Here’s a bit of fun. Chances are, if you frequent Tokyo’s select shops that you’ve come across Makiko Yoshida’s CAO Maru squeezable rubber faces, which you can push and squish to create a variety of expressions. Design Office A4’s Faces Stamp is based on the same idea, turning a simplified, iconic face pattern into a stamp. It’s just the thing if you want to add emoticonlike expressions to your handwritten missives. Faces Stamp has garnered prizes in design competitions (it was originally released in 2007) and was recently included in a celebration of Japanese design in Paris, the “WA: L’harmonie au quotidien — Design japonais d’aujourd’hui” exhibition. The stamp comes in blue, pink, and black, and sells for ¥525.
First there was the Music Mug, a popular accessory that acted as both a holder and speaker for your MP3 player, and now design label Yuento follows up with another accessory for portable devices. The Music Balloon is another simple and smart idea: Make a super-light and portable speaker that can be plugged into any MP3 player or mobile phone (with the use of an adapter). The soft and bulbous foam “speaker” is fun and Pop-y, and comes in an array of bright colors: yellow, pink, red, blue and black. The Music Balloon (priced at ¥3,990) provides just over four hours of use at full volume and can be recharged with a USB cable (included).
Rap and roll
Shunsuke Umiyama’s MicroWorks label has one goal in mind: Offer products that turn the ordinary into the unexpected. Take the brand’s Paper Pack document folder for instance. Describing it as just a folder does it a great disservice. Designed to hold A4 documents and pens, the Paper Pack is made from one polypropylene sheet that envelops whatever you like. When closed, you get an instant briefcase that anyone would be happy to bring to work. The Paper Pack is available in black, silver, wine red, green, pink and white (each priced at ¥1,365).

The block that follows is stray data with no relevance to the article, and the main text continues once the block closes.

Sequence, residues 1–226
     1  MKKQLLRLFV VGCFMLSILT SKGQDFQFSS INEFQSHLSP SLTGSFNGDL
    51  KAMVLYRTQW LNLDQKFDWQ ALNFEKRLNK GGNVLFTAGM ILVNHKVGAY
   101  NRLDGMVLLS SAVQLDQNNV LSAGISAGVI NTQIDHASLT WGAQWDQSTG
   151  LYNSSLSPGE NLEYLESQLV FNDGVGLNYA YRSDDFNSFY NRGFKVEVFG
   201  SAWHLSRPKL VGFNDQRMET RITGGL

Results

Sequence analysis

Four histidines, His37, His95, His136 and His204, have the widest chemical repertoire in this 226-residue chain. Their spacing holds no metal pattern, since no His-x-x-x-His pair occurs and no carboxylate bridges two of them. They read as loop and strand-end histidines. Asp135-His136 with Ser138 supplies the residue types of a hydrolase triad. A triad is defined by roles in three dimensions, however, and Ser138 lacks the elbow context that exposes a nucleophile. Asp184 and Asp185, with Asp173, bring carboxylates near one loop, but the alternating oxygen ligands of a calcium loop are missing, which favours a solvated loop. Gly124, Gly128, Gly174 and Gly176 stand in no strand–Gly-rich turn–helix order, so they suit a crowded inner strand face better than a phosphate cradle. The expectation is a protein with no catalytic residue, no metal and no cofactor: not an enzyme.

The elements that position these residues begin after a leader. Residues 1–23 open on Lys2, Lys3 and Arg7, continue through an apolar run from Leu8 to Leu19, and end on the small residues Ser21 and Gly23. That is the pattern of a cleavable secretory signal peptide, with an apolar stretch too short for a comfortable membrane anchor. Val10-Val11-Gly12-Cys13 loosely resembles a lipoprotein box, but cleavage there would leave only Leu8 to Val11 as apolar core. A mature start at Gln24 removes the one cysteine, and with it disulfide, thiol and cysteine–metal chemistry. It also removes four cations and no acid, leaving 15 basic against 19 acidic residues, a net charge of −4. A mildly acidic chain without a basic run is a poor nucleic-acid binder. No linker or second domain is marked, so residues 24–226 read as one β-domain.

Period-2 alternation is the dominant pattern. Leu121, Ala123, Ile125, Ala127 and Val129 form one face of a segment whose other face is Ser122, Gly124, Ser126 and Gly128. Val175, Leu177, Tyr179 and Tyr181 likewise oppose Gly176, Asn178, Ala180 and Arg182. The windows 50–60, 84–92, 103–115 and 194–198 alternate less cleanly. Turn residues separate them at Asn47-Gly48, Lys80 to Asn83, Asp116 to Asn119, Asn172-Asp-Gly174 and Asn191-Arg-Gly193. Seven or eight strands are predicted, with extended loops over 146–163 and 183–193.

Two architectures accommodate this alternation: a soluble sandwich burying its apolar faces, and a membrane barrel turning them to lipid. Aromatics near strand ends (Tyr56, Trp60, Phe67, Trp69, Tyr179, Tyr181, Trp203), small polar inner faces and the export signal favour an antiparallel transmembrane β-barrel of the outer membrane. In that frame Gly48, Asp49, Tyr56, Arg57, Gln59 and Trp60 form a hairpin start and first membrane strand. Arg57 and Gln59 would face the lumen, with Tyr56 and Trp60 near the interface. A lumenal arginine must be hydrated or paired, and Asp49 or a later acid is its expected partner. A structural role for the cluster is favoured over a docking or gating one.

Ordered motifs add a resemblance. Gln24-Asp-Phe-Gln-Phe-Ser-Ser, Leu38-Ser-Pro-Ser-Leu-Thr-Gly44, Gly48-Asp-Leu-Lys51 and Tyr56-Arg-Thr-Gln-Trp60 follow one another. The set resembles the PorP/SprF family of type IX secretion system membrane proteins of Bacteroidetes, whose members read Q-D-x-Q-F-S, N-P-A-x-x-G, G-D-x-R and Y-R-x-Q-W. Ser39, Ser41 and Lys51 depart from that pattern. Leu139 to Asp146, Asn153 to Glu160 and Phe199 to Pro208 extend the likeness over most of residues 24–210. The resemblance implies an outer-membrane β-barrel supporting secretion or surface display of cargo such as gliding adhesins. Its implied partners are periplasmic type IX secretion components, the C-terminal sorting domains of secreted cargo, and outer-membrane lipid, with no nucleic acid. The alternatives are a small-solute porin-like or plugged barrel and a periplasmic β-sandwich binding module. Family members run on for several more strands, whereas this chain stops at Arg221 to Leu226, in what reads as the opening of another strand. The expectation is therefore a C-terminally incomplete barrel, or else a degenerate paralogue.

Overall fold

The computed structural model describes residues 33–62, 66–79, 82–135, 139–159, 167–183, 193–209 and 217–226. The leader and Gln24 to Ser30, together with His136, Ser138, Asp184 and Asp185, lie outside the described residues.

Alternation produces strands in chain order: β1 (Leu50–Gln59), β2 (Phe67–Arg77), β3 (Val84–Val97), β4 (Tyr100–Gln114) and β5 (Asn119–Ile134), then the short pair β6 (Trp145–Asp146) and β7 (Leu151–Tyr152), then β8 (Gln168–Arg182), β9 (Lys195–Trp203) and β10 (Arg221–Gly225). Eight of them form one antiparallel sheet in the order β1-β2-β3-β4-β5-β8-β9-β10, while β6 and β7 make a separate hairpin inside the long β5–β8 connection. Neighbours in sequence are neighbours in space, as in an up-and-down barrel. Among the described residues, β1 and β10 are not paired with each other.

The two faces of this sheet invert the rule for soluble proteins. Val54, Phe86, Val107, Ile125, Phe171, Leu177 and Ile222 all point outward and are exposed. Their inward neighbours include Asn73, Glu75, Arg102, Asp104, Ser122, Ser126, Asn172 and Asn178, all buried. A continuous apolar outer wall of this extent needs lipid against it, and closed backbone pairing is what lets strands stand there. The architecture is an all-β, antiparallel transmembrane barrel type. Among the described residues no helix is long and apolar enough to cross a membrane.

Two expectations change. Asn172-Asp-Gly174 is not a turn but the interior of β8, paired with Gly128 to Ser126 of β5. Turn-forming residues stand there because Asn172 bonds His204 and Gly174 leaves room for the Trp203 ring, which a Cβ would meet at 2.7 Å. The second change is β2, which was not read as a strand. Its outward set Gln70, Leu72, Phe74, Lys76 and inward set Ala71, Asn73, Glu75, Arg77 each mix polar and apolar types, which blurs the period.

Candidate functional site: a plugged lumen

Postalco goes bookish
Run by Tokyo-based couple Mike and Yuri Abelson, Postalco has given the world of stationery and accessories a serious style boost. Since launching the label in Brooklyn a few years ago, the Abelsons have released a stream of impressive, carefully crafted goods. Combining their respective expertise in graphics and product design, the collection runs the gamut from bags and writing accessories done in lovely combinations of fabric and leather to beautifully designed pressed-cotton envelopes, a personal favorite. Postalco now presents something for the “Library” with the publication of beautifully designed booklets that have appeared at Tokyo’s famous Cow Books stores in Naka-Meguro and Minami-Aoyama. Although Postalco items are available countrywide, make a point of visiting the design duo’s home shop in Kyobashi.
“Crafted with pride in Japan” — such is the claim from Fukuoka-based firm Hightide when describing its ecofriendly Molded Pulp Box containers. Stackable and suited for the storage of almost anything you may have lying around in your home, such as gardening supplies, these large durable boxes are just the kind of thing to please the ever-growing number of adherents of the “slow life” and sustainable lifestyle movements. The Molded Pulp Box is made of recycled paper (80 percent newspaper, with the remaining 20 percent made up of other paper waste), and looks like it. This may have been a turnoff a few years ago, but ecochic is so popular these days that the boxes could easily blend into the most modern of interiors. The Molded Pulp Box sells for ¥1,995.
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